I can see why some investors would be tempted by Kraft Heinz (NASDAQ:KHC) at the moment. On its face, Kraft Heinz stock has a lot to like, and a reasonable "buy the dip" case.Source: Casimiro PT / Shutterstock.com The consumer giant owns a portfolio of iconic brands beyond its namesakes, including Planters, Philadelphia cream cheese, and Maxwell House. It should be a defensive business, an attractive attribute in a bull market about to enter its twelfth year.Berkshire Hathaway (NYSE:BRK.A,NYSE:BRK.B), led by famed investor Warren Buffett, remains a major shareholder, and in fact helped lead the merger between Kraft and Heinz. And Kraft Heinz stock is cheap, trading at less than 10x 2019 adjusted earnings per share. It also provides an attractive dividend that yields nearly 6% at the moment.InvestorPlace - Stock Market News, Stock Advice & Trading Tips * 7 Failing Tech Stocks to Disconnect From Now But investors should look closer. It doesn't take that much of a close look to see what's wrong with Kraft Heinz and with Kraft Heinz stock. This looks like a value trap, a yield trap, and a stock that investors should avoid. Kraft Heinz Stock Is CheapAs far as the fundamentals go, it's true that Kraft Heinz stock looks cheap relative to its earnings and its dividend. In fact, it's the cheapest major food stock out there -- and it's not really close. Conagra Brands (NYSE:CAG), even after plunging this week following lowered full-year guidance, trades at almost 15x this year's earnings per share. Campbell Soup (NYSE:CPB) has more than its shares of challenges, yet is valued at 19x the midpoint of its fiscal EPS guidance.The dividend yield looks attractive too. Kraft Heinz's 5.86% yield is the 14th-highest in the S&P 500. Index constituents with higher yields all have significant challenges, whether it's traffic issues at Macy's (NYSE:M) and Kohl's (NYSE:KSS) or secular pressures on Ford Motor Company (NYSE:F) and Altria (NYSE:MO).But in both cases, the fundamentals aren't as attractive as they seem. The Problems with KHC StockKHC stock does trade at a significant discount to the sector and the market as a whole. But it should trade at a discount.Kraft Heinz is coming off a 2019 in which adjusted EPS declined 19% year-over-year. In conjunction with its fourth quarter earnings report last week, Kraft Heinz didn't give specific guidance, a departure from its norm. But management said on the Q4 conference call that EBITDA (earnings before interest, taxes, depreciation and amortization) would decline again in 2020 after falling 14% in 2019.EPS will fall. The current Wall Street consensus estimate projects a 20% drop, to $2.27. At that level, Kraft Heinz stock trades at a more reasonable 12x earnings and it's too early to predict a return to growth in 2021.Kraft Heinz's debt load has to be considered as well. Based on guidance, net debt likely is over 5x 2020 EBITDA. That's a concerning leverage ratio, and one that led Kraft Heinz debt to be cut to a 'junk' rating last week. On an enterprise value to EBITDA basis, which incorporates debt into the valuation, Kraft Heinz stock trades at over 10x. That's a much smaller discount to other consumer food plays, most of which are driving at least some growth.Declining earnings and heavy debt both suggest KHC stock should be cheap. And they color the dividend as well. Kraft Heinz already cut its payout last year. A company spokesman said last week there were no plans to do so again.But the company has over $29 billion in debt to pay down. The current $2 billion in annual dividend payments potentially could be put to better use. And if earnings keep falling, Kraft Heinz may not have a choice but to slash its payout a second time. The Bull CaseInvestors can't buy Kraft Heinz stock simply because it's "cheap." They have to believe in the potential for a turnaround.On that front, there's at least a case. But I'm skeptical it's a good one. Kraft Heinz's brands are well-known but they're also under pressure. Grocers continue to push higher-margin private-label products. The likes of Velveeta and Kool-Aid have been shunned by consumers seeking healthier alternatives.Kraft Heinz is trying to fix those brands, but it's going to take time and money. As Dana Blankenhorn detailed on this site a year ago, it was aggressive cost-cutting by hedge fund 3G Capital that led to the current problems. Kraft Heinz increased near-term profits at the cost of the long-term health of its portfolio. It's not the first time 3G's strategy has failed: beer giant Anheuser-Busch InBev (NYSE:BUD) was also created via mega-merger, only to see its shares plunge and its dividend cut.Kraft Heinz is trying to reverse field. The company is ramping marketing spend by 30% or more behind key brands. But I'm skeptical that's enough. Millennials aren't buying processed Velveeta 'cheese' or processed Oscar Mayer lunchmeat no matter how much money Kraft Heinz invests. The company can find some wins in condiments or smaller brands, but the world simply has changed. Kraft Heinz brands, for the most part, seem left behind.If that's the case, it's simply impossible to own KHC stock. Declining earnings won't support upside to the stock given the $29 billion debt load. There aren't costs left to cut; if anything, spending has to normalize even beyond planned increases for 2020. The external environment remains difficult. Kraft Heinz stock does look cheap at first glance, but that's hardly enough.Vince Martin has covered the financial industry for close to a decade for InvestorPlace.com and other outlets. He has no positions in any securities mentioned. More From InvestorPlace * 2 Toxic Pot Stocks You Should Avoid * 7 Failing Tech Stocks to Disconnect From Now * 5 Ideal Dividend Stocks for New Investors * 4 Stocks to Buy No Matter Who Wins the 2020 Election The post Kraft Heinz Stock Is Not Worth Chasing appeared first on InvestorPlace.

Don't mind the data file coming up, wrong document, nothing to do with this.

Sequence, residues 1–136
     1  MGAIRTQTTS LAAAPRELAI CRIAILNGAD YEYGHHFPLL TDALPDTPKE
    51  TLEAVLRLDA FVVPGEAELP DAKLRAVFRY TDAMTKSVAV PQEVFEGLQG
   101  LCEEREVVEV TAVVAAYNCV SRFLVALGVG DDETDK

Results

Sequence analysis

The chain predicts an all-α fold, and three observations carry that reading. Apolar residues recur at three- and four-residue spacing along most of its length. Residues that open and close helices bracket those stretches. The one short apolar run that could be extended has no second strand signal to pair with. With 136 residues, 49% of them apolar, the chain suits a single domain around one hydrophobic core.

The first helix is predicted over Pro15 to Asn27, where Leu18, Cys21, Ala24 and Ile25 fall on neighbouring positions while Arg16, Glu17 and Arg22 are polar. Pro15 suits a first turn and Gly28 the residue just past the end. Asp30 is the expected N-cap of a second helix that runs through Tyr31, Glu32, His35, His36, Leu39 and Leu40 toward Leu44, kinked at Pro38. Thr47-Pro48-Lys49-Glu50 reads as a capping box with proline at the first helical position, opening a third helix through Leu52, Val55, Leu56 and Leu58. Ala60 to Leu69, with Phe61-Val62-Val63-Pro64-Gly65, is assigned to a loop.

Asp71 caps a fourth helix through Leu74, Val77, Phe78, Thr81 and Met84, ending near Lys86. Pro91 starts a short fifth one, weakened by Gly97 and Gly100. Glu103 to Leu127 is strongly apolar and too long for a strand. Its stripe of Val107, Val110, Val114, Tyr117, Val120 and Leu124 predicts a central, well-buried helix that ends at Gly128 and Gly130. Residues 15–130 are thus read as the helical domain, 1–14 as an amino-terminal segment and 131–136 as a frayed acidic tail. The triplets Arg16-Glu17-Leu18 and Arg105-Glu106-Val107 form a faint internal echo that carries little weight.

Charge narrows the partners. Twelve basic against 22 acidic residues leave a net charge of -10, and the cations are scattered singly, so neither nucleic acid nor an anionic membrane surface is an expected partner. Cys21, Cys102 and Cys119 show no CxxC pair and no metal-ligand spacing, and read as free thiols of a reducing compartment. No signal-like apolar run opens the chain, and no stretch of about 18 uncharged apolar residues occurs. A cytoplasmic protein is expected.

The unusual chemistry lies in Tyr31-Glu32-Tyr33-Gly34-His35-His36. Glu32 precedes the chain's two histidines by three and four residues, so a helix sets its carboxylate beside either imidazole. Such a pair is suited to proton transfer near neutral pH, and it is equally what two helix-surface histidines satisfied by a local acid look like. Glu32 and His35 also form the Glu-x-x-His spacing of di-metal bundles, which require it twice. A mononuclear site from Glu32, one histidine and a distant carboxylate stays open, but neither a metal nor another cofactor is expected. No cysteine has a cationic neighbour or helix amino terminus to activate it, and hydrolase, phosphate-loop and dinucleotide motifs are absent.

As U.S. corporations have racked up record levels of leverage after the financial crisis, the ability to keep borrowing at low rates has become increasingly important to stock investors, too.